image_pdfimage_print

ISRO successfully tests indigenous cryogenic engine and What Is cryogenic Engine

ISRO successfully tests indigenous cryogenic engine and What Is cryogenic Engine

india year book 2017
To Download This File In PDF Form -Click Here
To Download This File In PDF Form -Click Here
Download free Study Material From Here
  • Indian Space Research Organisation (ISRO) on 28 April 2015 successfully tested an indigenous cryogenic engine.
  • The powerful version of the cryogenic engine was tested successfully at ISRO’s propulsion complex at Mahendragiri in Tirunelveli district of Tamil Nadu.
  •  A team headed by Director D Karthikesan had led the testing.
  • This engine will allow launch vehicles to carry satellites of up to capacity of four tonnes in geostationary orbit.
  • It will also give boost to India’s interplanetary probes and manned space missions.
  • It is essential to master this technology for any space power as launching heavier satellites requires cryogenic engines even in the lower stages of the rocket.
  • It will also make India self-reliant in sending heavier satellites to the required orbits and eliminate need of dependence on foreign launch vehicles.
  • It should be noted that India sixth spacefarer after US, Russia, the European Space Agency, China and Japan to develop a cryogenic engine.
  • Earlier in January 2015, India had successfully launched GSLV-D5, the first successful launch vehicle with an indigenous cryogenic engine.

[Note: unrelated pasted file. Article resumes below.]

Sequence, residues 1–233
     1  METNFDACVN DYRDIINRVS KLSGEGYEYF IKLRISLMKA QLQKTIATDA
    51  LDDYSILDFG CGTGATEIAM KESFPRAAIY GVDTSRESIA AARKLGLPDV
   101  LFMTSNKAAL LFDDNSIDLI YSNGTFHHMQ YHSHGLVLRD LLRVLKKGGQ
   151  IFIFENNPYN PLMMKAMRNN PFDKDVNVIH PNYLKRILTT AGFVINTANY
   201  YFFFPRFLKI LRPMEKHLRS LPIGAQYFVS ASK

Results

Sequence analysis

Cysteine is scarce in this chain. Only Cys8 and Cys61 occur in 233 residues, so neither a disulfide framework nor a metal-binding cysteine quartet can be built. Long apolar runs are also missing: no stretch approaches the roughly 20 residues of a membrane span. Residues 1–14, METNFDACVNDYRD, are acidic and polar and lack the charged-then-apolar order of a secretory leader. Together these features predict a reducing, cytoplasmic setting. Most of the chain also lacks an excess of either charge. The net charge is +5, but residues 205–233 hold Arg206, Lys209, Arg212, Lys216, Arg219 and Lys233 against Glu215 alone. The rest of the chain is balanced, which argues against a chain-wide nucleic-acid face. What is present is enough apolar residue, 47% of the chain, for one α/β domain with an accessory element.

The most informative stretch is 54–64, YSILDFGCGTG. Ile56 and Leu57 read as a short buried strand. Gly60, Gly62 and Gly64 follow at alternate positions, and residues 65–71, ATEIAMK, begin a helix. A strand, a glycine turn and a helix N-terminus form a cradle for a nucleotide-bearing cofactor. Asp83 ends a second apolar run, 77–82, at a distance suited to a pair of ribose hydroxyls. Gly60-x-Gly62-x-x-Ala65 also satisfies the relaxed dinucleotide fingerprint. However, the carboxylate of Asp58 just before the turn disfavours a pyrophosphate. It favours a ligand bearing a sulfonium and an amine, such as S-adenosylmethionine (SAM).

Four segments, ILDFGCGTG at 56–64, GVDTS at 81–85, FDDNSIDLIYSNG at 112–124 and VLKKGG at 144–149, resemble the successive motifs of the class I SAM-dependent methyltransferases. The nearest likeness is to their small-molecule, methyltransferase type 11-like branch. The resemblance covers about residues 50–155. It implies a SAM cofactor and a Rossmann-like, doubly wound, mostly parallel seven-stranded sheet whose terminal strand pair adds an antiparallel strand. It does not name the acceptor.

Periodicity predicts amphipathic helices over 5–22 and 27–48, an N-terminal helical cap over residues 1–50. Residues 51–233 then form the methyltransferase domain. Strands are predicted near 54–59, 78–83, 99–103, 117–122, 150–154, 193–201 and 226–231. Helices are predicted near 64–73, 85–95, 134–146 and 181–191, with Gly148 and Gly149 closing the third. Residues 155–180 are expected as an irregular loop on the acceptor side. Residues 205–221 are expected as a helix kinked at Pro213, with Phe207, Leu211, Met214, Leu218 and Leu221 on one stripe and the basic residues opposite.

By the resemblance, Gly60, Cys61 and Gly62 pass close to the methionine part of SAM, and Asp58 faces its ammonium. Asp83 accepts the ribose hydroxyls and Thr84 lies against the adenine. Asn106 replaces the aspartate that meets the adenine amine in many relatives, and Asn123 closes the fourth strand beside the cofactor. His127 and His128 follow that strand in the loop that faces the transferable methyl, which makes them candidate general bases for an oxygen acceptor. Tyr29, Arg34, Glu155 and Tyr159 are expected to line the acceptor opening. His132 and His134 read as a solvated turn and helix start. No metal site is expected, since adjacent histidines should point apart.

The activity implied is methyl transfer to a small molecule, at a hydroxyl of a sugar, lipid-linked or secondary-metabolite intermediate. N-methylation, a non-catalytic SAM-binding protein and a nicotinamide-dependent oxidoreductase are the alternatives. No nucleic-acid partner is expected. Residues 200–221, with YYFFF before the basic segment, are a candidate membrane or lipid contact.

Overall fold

• But it had capacity to launch satellites of up to two tonnes.
  • Now Indian Increased its Capacity to 4 Tonnes.
  • Now india Can Launch Heavy Satellites too In Space.

Facts about cryogenic engine

  • A cryogenic rocket engine is a rocket engine that uses a cryogenic fuel or oxidizer, that is, its fuel or oxidizer (or both) are gases liquefied and stored at very low temperatures.
  • Notably, these engines were one of the main factors of NASA’s success in reaching the Moon by the Saturn Vrocket.[1]
  • A cryogenic engine is more efficient as it provides more thrust for every kilogram of propellant burnt.
  • Cryogenic fuels are extremely clean as they give out only water while burning.
  • The engine uses liquid oxygen at -2530 C and liquid hydrogen at -1830C
  • It can develop the thrust needed in the final state of the rocket to put satellites, weighing two tonnes or more, into a geosynchronous orbit.
  • Cryogenic engines that give the most thrust, are usually required for the last stage of the rocket because this stage provides 50% of the velocity of 10.2 kms per second needed at the point of injection of a satellite.
  • It is needed because outside the atmosphere there is no oxygen and most regular fuels need oxygen to burn.
  • India wanted a vehicle that would be bigger, lighter and more efficient than its workhorse Polar Satellite Launch Vehicle (PSLV) to launch 2.5-tonne class of satellites and put them into a geostationary transfer orbit at 36,000km from Earth’s surface.
  • In response ISRO started the Geosynchronous Satellite Launch Vehicle(GSLV) programme
image_pdfimage_print